- The private nonprofit Southern New Hampshire University has acquired Chicago-based nonprofit LRNG, which specializes in digital badges, hoping to use LRNG's game-based learning model to interest students in its underperforming competency-based degree program, Inside Higher Ed reports.
- SNHU will link LRNG with its College for America program, which provides credential-focused associate and bachelor's degrees. The partnership will also result in community-based digital learning for students ages 14 to 24 to earn credentials, which they can parlay into SNHU degrees. LNRG has provided 57,000 students with more than 45,000 badges since launching in 2015. SNHU wants to grow its enrollment to 300,000 students by 2023.
- The partnership will begin in Chicago and Birmingham, Alabama, and work closely with employers and governments in those regions to identify and provide in-demand skills.
Digital badges have gained popularity but have not been thoroughly embraced by higher education, according to Elisabeth Rees-Johnstone, executive director of continuing and professional learning at the Ontario Institute for Studies in Education at the University of Toronto. Writing in Evolllution earlier this year, she explained that credentials could benefit colleges and universities by assuring their curriculum review is transparent and thorough, addressing the common criticism from both graduates and employers that higher education is "out of touch" with workplace needs.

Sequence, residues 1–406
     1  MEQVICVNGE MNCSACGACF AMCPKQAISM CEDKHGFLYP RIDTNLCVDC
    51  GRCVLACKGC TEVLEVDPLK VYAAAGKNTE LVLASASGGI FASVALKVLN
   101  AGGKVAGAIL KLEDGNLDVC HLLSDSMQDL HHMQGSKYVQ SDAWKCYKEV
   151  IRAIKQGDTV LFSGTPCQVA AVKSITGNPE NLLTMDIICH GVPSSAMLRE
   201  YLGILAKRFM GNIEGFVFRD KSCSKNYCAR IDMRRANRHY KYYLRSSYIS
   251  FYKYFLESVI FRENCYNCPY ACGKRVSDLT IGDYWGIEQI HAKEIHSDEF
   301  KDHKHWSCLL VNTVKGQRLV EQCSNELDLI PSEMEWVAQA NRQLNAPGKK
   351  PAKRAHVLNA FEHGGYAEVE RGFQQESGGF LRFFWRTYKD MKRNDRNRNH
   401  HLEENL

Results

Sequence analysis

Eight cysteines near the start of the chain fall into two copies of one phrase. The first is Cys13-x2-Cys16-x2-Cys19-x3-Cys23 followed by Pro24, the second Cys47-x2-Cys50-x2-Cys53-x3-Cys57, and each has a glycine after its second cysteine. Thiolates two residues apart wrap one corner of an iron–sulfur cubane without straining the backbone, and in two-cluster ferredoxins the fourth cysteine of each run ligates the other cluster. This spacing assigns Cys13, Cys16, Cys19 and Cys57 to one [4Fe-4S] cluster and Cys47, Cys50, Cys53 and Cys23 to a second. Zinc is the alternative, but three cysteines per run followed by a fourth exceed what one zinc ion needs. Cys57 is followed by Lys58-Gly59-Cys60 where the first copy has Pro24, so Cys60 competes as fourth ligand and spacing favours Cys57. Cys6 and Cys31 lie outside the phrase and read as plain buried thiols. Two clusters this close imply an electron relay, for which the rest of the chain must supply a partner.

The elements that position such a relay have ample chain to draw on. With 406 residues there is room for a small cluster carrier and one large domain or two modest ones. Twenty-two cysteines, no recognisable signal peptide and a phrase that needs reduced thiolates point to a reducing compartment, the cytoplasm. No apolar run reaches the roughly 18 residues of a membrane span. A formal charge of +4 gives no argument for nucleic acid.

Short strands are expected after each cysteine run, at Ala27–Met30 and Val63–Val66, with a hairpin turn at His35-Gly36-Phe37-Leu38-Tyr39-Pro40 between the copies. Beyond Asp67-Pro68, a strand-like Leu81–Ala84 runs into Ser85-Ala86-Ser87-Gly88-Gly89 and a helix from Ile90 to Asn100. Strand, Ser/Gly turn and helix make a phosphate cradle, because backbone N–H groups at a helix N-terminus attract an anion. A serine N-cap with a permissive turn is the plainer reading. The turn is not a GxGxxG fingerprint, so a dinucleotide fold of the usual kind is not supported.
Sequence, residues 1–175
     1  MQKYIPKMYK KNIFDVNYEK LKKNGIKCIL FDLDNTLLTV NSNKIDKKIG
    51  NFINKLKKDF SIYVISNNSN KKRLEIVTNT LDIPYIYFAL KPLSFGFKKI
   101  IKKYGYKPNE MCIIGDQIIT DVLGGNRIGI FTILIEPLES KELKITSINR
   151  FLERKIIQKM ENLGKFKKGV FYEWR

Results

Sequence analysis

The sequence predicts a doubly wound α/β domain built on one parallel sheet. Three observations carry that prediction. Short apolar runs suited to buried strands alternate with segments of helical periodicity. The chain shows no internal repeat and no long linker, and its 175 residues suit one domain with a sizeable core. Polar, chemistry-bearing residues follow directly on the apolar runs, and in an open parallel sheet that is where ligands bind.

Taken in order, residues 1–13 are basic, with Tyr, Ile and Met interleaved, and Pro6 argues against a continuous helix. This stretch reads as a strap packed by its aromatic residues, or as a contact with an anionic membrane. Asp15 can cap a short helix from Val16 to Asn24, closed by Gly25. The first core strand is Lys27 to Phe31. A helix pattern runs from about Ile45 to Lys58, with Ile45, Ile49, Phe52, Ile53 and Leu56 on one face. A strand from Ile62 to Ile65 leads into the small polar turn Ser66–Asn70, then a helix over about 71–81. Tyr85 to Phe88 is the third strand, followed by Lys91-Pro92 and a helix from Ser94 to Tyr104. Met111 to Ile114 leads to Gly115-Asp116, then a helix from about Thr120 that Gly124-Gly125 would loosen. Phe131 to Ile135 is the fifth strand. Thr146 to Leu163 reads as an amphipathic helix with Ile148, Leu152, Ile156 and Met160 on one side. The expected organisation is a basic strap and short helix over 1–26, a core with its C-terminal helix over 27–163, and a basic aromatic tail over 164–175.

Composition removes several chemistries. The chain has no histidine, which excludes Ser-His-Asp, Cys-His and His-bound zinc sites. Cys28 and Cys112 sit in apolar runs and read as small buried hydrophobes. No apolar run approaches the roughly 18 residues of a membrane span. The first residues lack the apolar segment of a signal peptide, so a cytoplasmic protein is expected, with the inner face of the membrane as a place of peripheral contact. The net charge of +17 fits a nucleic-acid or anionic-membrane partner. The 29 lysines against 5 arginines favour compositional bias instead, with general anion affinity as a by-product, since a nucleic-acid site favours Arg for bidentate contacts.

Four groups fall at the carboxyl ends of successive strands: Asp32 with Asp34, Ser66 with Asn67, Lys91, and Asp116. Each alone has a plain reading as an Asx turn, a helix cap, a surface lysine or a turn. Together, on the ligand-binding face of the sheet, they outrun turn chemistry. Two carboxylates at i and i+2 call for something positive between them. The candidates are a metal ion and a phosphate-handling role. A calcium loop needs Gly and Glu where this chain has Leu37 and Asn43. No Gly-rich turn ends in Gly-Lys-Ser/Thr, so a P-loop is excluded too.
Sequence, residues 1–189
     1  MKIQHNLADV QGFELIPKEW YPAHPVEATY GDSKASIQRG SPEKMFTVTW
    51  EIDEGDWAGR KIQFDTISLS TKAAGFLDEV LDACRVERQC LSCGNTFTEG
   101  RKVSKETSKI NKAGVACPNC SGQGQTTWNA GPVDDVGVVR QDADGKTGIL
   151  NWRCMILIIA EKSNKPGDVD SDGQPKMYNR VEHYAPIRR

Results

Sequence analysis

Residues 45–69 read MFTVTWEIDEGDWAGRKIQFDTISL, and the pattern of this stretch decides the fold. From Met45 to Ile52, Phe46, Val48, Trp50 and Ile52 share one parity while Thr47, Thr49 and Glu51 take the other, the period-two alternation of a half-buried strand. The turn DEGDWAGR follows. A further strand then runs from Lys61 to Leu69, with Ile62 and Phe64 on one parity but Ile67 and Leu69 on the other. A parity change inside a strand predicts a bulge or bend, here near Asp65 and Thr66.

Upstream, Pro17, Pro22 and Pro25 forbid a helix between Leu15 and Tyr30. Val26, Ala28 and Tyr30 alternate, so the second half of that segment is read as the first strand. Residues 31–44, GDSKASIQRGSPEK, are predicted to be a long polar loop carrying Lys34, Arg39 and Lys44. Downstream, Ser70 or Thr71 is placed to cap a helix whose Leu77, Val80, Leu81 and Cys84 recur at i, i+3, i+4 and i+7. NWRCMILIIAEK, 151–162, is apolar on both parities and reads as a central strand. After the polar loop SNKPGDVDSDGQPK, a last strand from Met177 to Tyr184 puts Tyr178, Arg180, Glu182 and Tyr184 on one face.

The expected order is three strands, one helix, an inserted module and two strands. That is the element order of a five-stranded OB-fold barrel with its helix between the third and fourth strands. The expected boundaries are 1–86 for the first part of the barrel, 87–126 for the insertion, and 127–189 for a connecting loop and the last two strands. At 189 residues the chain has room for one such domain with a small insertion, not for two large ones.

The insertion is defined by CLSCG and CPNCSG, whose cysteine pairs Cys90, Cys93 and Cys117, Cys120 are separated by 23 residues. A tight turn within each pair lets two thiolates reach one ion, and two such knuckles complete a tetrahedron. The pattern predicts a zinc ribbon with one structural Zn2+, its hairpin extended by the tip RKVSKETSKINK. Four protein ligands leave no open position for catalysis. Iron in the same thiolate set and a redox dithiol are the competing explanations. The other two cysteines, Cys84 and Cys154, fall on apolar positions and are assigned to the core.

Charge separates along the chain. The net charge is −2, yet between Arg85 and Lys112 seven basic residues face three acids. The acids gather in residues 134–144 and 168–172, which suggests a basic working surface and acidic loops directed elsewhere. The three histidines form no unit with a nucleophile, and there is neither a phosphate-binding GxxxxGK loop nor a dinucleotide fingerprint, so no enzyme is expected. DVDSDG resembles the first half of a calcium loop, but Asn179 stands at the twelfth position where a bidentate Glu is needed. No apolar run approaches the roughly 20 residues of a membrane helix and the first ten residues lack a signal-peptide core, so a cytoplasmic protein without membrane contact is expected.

Beyond that, they more accurately and explicitly reward the recipient and provide richer information about their accomplishments to prospective employers. Rees-Johnstone contends opportunities to earn badges and other micro-credentials will be expected by students and will likely be adopted by employers. Both of these groups, she wrote, may be more comfortable with the approach than educators, who are wed to traditional grading and work environments.
Although technical skills are often the focus of digital badges, soft skills also are getting attention. This past summer, the nonprofit Education Design Lab and ed tech company Credly, which specializes in online credentials, announced plans to team up to offer digital badges that universities can award students for building nontechnical skills desired in the workplace, including empathy, creative problem-solving and collaboration.
Through its College for America program, SNHU has partnered with a health care company and federal agencies to provide credential-based educational opportunities. Its new strategic plan emphasizes a focus on nontraditional students, creating "highly curated and personalized learning pathways" that include conventional degrees as well as badges and micro-credentials.
Nonprofit colleges are growing their footprints online in the wake of the for-profit industry's collapse. Inside Higher Ed reported earlier this year that SNHU and nonprofit Western Governors University were nearing online enrollments of 100,000 and were expected to surpass the for-profit online University of Phoenix.